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Late blight update

Late blight lesion on tomato leaf.  Click for larger view.

Late blight lesion on tomato leaf. Click for larger view.

On May 18, New York State Agriculture Commissioner Darrel J. Aubertine alerted home gardeners and commercial growers of the potential introduction of late blight this growing season. “The exceptionally cool, damp spring we are experiencing throughout New York State this year heightens our concern for late blight,” the Commissioner said. (View news release.)

Cool wet conditions, coupled with the presence of the disease led to a quick and devastating spread of the disease in 2009. This season, late blight has already been detected at three sites in Michigan, Connecticut and Maine.

Gardeners and growers need to be on full alert to detect the disease early. Be sure to scout greenhouse and high tunnel tomatoes and early potatoes. If you think you may have late blight, contact your local Extension educator.

Knowing where late blight has been found is critical for making the best management decisions. A new national website USAblight is mapping reported outbreaks online. (Reports will not pinpoint your farm or garden, just the county.) View disease occurrence map.

Some resources to help you identify the disease and monitor the situation include:

10 tips for gardeners to beat late blight

So what can gardeners do to minimize late blight in their own gardens – as well as reduce the chance of spreading it to others?

Kill volunteer potatoes. Dig up, bag and trash any potato plants that pop up in your garden or compost pile. It may take repeated efforts to get them all.

Buy healthy tomato plants. Learn what late blight looks like. If you spot any infected plants while shopping, alert store management and your local Cooperative Extension office, and buy your plants somewhere else. Or you can grow your own plants. (Late blight isn’t spread on tomato seeds.) Start seed about 6 to 8 weeks before your last frost date.

Use certified seed potatoes. Don’t use leftovers from last year’s garden or table stock from the grocery store.

Keep plants dry. The late blight pathogen thrives in cool, wet weather. That’s because it requires moisture to infect plants, grows best when it’s cool, and clouds protect spores from lethal UV radiation when they are dispersed by wind. Even in absence of rain, the pathogen can infect plants if the relative humidity is 90 percent or more. If plants need watering, water the soil – not the foliage.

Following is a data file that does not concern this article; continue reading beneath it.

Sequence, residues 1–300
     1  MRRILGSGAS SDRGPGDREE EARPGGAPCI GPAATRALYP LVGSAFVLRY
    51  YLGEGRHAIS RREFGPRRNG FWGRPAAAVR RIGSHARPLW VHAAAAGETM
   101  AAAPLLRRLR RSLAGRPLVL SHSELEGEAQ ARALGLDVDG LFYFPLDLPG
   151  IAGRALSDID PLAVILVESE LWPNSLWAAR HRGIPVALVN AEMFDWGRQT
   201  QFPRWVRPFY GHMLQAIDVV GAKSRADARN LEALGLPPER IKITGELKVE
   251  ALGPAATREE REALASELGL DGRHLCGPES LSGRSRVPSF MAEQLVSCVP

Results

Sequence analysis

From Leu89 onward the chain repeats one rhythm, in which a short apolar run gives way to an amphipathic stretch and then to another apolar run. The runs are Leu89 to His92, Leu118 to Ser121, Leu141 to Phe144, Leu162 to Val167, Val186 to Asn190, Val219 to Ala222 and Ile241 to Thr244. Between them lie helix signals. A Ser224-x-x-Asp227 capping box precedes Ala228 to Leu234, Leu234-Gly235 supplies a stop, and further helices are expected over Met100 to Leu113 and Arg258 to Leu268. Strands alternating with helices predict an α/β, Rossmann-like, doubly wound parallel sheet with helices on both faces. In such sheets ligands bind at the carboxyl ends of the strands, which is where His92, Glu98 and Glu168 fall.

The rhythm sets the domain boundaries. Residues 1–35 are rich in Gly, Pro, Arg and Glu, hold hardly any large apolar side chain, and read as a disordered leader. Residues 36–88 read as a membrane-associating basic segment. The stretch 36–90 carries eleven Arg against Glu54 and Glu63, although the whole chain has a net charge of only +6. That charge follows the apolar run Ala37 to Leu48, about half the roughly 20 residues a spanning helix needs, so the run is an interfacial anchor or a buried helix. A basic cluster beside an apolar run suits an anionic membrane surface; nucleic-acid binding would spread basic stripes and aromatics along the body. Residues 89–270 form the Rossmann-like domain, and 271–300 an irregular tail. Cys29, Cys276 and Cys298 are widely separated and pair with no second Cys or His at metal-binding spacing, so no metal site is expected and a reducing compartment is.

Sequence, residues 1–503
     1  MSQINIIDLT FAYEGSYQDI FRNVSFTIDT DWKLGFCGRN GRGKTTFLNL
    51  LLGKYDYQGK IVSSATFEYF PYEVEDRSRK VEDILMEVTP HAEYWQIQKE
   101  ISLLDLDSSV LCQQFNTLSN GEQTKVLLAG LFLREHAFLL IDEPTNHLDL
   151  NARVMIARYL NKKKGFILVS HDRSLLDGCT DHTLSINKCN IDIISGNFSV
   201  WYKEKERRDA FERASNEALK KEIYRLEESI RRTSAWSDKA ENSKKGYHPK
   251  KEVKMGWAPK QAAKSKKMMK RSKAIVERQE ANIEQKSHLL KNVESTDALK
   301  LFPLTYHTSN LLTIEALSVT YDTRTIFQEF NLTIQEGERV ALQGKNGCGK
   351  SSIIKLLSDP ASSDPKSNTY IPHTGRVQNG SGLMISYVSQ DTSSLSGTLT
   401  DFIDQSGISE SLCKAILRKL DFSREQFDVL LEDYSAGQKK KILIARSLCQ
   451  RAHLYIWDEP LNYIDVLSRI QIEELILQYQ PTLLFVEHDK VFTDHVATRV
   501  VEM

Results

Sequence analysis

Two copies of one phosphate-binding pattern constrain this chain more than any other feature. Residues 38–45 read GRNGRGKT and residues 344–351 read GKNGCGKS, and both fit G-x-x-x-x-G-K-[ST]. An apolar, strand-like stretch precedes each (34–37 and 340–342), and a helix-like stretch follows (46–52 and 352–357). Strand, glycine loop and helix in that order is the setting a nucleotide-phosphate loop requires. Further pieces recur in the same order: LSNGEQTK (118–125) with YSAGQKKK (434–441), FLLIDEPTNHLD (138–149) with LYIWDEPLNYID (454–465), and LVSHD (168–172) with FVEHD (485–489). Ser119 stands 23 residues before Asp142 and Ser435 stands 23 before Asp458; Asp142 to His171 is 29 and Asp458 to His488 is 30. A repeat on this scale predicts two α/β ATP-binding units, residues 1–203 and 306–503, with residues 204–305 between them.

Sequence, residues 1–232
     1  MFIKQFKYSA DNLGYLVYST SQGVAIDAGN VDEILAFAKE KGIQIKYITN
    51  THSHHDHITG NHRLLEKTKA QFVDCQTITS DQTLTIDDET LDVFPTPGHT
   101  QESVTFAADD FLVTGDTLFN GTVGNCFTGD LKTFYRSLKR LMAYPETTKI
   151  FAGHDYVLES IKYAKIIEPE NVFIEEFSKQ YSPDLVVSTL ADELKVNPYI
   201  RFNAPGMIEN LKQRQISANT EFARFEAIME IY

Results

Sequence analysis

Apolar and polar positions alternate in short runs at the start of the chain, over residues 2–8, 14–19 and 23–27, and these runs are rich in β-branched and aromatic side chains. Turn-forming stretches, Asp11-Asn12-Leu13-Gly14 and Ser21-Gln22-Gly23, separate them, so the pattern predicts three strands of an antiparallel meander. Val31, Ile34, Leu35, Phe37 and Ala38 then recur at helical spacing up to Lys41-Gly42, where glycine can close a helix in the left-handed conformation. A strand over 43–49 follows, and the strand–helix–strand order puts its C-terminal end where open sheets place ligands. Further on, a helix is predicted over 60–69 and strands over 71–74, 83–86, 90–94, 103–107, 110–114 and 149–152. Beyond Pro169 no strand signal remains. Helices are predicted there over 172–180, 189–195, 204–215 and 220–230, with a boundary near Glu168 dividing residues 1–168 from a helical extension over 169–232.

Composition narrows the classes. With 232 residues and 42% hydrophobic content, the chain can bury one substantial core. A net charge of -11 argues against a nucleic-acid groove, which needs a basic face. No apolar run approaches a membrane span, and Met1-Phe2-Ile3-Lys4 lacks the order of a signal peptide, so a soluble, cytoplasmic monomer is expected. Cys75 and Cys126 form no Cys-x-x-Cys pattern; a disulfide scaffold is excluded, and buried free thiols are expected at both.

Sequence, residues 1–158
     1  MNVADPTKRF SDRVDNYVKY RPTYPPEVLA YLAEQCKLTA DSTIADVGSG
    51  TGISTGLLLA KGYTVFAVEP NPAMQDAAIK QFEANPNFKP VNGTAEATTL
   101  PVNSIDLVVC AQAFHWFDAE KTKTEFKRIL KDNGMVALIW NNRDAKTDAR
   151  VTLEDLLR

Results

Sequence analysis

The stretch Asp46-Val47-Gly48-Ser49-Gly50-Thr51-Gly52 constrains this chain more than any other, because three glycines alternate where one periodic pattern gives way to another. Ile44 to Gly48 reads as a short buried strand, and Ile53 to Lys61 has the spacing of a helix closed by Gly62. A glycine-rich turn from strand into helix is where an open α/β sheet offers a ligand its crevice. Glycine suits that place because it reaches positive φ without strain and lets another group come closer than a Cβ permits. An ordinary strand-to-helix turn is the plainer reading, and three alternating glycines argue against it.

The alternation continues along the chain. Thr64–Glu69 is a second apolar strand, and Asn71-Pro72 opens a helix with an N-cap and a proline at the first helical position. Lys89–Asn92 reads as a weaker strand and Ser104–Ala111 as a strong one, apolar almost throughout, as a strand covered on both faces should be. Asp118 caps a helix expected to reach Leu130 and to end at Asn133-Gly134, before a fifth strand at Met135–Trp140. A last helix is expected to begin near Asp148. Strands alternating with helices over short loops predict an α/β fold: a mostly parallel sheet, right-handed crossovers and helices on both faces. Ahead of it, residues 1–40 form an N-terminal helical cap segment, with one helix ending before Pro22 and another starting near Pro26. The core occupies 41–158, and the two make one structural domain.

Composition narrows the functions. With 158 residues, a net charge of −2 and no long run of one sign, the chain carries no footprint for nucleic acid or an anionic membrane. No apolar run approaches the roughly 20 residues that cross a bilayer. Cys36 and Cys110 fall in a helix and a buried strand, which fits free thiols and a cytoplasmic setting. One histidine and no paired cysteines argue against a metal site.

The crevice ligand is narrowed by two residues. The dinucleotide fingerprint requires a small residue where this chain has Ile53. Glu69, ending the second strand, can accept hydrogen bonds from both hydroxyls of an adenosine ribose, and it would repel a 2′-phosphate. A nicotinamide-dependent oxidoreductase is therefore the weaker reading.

Be vigilant. Inspect plants at least once a week – more often if weather is cool and wet. Immediately remove and bag foliage you suspect might be infected. While late blight symptoms are distinctive – dark brown lesions on stems and leaves with white fungal-like growth developing under moist conditions – it’s possible to confuse it with other diseases. Your local Cooperative Extension office can help you with identification.

Act quickly. If symptoms continue despite removing infected foliage, consider removing plants entirely – sooner rather than later. “It is rarely possible to control late blight just by removing affected tissue,” says McGrath. “The longer you wait to remove plants, the more spores your garden sends to the wind to infect other gardens and farm fields.”

Sound the alert. If you find late blight in your garden, let your gardening neighbors and local Cooperative Extension staff know so they can warn others and be on the lookout for additional infestations. Make sure your neighbors know how to spot late blight in their own gardens.

Dispose of plants properly. To reduce disease spread, remove infected plants during the middle of a sunny day after leaves have dried, if possible. But don’t wait for these conditions. Seal plants in garbage bags and leave them in the sun for a few days to kill plants and the pathogen quickly before placing in the trash or burying underground or deep in a compost pile. Don’t just leave plants on the ground or on top of the compost pile where they will continue to be a source of spores until the plant tissue dies. With a large number of plants, you can build a pile on the ground and cover securely with a tarp until the plants die.

Keep an eye on other tomato-family plants. Some strains of late blight can infect other tomato-family plants, including weeds such as hairy nightshade and bittersweet nightshade. Control them early so that late blight on these plants doesn’t go unnoticed. Petunias and tomatillos are also vulnerable to attack.

Use fungicides with care. Fungicides can control late blight. (Chlorothalonil and copper-based products are both available to home gardeners.) But if you wait until late blight symptoms appear, it might be too late to rescue plants. For fungicides to work effectively on late blight requires a regular preventive spray schedule and thorough spray coverage. Follow all label directions, including use of respirator, waterproof gloves and protective eyewear.

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